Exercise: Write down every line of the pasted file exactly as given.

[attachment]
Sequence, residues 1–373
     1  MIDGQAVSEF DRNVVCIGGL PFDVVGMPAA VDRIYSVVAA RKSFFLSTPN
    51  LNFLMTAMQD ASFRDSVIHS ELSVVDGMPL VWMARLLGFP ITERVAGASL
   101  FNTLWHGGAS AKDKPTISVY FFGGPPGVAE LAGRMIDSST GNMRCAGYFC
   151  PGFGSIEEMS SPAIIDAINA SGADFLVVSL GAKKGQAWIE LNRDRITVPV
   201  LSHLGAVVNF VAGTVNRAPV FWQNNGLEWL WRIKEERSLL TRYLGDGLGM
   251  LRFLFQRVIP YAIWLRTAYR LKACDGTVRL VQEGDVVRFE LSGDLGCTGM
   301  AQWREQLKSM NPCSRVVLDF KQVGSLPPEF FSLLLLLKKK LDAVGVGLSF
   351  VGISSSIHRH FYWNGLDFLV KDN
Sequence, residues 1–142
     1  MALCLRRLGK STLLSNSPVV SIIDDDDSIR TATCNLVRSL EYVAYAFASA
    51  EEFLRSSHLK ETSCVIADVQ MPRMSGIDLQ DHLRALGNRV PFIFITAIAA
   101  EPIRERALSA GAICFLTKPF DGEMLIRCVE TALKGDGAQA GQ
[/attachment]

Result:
Sequence, residues 1–373
     1  MIDGQAVSEF DRNVVCIGGL PFDVVGMPAA VDRIYSVVAA RKSFFLSTPN
    51  LNFLMTAMQD ASFRDSVIHS ELSVVDGMPL VWMARLLGFP ITERVAGASL
   101  FNTLWHGGAS AKDKPTISVY FFGGPPGVAE LAGRMIDSST GNMRCAGYFC
   151  PGFGSIEEMS SPAIIDAINA SGADFLVVSL GAKKGQAWIE LNRDRITVPV
   201  LSHLGAVVNF VAGTVNRAPV FWQNNGLEWL WRIKEERSLL TRYLGDGLGM
   251  LRFLFQRVIP YAIWLRTAYR LKACDGTVRL VQEGDVVRFE LSGDLGCTGM
   301  AQWREQLKSM NPCSRVVLDF KQVGSLPPEF FSLLLLLKKK LDAVGVGLSF
   351  VGISSSIHRH FYWNGLDFLV KDN
Sequence, residues 1–142
     1  MALCLRRLGK STLLSNSPVV SIIDDDDSIR TATCNLVRSL EYVAYAFASA
    51  EEFLRSSHLK ETSCVIADVQ MPRMSGIDLQ DHLRALGNRV PFIFITAIAA
   101  EPIRERALSA GAICFLTKPF DGEMLIRCVE TALKGDGAQA GQ